Anger has led to a lot of poor choices and rash decisions. To know this, all you have to do is read the newspaper. Murders, thefts, insidious plots have all begun from a point of anger. On the other hand, so have marches against injustice and new legislation in the government. The difference is how the angry feelings were handled.
One of the daunting jobs of a parent is to help their children manage their emotional states. While we can never control what another person says or does, we can control our response to it. That sense of control comes with a responsibility.
Teenagers can be impetuous. When they are happy, they are on top of the world and so outgoing and giddy. When they are in the dumps, they may hide in their rooms, shunning friends and family. It is a swing of the pendulum from one side to the other.
Successfully dealing with anger begins at home. Ninety-five percent of the time, our children learn their coping skills by watching us even when we don’t know that they are watching. Setting a good example is square one for managing anger.
How do we manage our own angry feelings? Do we sit down and talk about it, or do we say things that we shouldn’t and then have to apologize later?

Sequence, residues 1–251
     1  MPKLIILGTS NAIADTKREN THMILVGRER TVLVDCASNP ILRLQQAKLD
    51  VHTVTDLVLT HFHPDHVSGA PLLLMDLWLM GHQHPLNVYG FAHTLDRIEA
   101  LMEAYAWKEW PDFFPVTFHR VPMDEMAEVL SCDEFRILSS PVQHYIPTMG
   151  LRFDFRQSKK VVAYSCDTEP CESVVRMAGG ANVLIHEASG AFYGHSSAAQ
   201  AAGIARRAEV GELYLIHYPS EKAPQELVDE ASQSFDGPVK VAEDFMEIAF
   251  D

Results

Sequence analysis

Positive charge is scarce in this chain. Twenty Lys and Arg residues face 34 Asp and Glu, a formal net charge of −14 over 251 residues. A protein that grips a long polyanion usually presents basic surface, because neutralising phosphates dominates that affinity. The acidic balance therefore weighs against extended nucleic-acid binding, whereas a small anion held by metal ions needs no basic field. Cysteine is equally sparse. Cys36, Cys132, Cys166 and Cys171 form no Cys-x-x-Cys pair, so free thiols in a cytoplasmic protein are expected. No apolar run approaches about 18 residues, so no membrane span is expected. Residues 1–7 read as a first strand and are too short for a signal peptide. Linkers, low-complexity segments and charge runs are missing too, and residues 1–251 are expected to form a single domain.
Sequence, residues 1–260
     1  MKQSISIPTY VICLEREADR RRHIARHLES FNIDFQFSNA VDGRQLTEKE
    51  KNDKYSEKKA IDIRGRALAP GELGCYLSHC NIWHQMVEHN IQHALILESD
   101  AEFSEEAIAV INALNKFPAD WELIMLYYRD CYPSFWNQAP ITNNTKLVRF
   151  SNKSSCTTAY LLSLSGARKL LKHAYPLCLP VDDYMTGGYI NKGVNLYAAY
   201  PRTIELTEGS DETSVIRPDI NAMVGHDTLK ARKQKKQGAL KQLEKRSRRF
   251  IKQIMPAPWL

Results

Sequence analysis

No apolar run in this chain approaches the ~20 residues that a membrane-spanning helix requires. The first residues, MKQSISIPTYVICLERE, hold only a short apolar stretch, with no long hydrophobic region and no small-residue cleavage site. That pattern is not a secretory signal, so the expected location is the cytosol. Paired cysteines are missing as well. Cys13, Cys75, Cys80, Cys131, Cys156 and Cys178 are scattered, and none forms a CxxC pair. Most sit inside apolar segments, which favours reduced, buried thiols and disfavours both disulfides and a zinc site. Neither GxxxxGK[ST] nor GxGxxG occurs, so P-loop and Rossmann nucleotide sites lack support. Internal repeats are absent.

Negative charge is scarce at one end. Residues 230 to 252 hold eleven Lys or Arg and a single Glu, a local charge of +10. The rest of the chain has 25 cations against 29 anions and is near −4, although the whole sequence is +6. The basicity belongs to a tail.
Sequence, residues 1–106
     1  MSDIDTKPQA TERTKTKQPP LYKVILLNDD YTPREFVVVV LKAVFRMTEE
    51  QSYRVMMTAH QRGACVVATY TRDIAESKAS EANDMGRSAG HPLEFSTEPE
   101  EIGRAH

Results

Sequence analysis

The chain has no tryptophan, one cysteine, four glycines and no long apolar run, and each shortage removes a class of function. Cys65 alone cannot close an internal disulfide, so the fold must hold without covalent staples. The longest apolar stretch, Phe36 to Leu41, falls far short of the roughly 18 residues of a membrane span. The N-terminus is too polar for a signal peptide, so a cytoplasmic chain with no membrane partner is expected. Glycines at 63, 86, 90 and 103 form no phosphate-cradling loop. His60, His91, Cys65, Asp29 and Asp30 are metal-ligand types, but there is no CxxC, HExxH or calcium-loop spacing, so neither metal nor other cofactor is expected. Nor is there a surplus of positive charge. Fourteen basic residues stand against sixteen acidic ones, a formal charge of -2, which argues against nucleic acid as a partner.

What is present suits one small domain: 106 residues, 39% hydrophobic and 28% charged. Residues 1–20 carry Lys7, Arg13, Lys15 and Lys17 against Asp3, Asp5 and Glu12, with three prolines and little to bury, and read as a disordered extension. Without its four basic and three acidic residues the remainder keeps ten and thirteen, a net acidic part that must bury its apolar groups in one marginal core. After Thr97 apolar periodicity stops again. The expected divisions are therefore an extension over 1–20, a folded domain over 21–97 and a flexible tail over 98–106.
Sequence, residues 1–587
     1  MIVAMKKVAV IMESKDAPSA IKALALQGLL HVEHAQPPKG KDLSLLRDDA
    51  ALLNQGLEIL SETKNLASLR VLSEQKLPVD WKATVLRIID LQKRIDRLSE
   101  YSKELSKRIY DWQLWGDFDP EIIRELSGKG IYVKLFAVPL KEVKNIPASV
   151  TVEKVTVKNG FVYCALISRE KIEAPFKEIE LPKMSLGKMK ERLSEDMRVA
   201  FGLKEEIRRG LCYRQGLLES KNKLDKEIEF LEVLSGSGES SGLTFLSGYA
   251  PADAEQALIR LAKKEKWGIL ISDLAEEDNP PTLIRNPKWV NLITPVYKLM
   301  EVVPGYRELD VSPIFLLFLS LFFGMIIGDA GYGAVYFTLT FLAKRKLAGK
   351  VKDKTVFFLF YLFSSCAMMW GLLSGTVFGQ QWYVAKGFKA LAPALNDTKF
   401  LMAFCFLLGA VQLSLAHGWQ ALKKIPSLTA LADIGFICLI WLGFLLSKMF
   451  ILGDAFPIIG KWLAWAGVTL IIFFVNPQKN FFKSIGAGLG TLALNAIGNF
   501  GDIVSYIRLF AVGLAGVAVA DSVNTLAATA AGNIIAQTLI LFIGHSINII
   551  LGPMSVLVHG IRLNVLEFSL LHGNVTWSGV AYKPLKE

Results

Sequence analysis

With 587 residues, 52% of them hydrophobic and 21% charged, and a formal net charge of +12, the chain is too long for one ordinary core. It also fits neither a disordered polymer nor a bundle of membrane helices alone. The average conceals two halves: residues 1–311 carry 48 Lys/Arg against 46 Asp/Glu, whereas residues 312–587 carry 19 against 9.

Look at your child. You can tell when they are not in a good mood. Maybe they are slamming doors or stomping around the house. Talk to them and find out what is the matter. It could be romantic trouble, trouble at school or difficulty dealing with a personal issue. If they don’t want to talk right then, let them know that you are available when they want to discuss the problem.
When you do talk, ask them to take a deep breath first. It is easier to view a situation when you are calm. Once you hear the story, you can suggest ways that they can deal with their anger. For one, help them to look past the insult and see what may be causing it. Someone may lash out in anger because they are upset about something else. Sympathizing with the other person can often diffuse an angry situation.
Teach them to learn their anger triggers. We all have them. Knowing them can help your teen to control their reactions when their “buttons are pushed.” After they have had time to think, then they can deal with the situation appropriately.
Does your teen have trouble with anger? Talk it out. Teach them to begin here so that they can end on a positive note.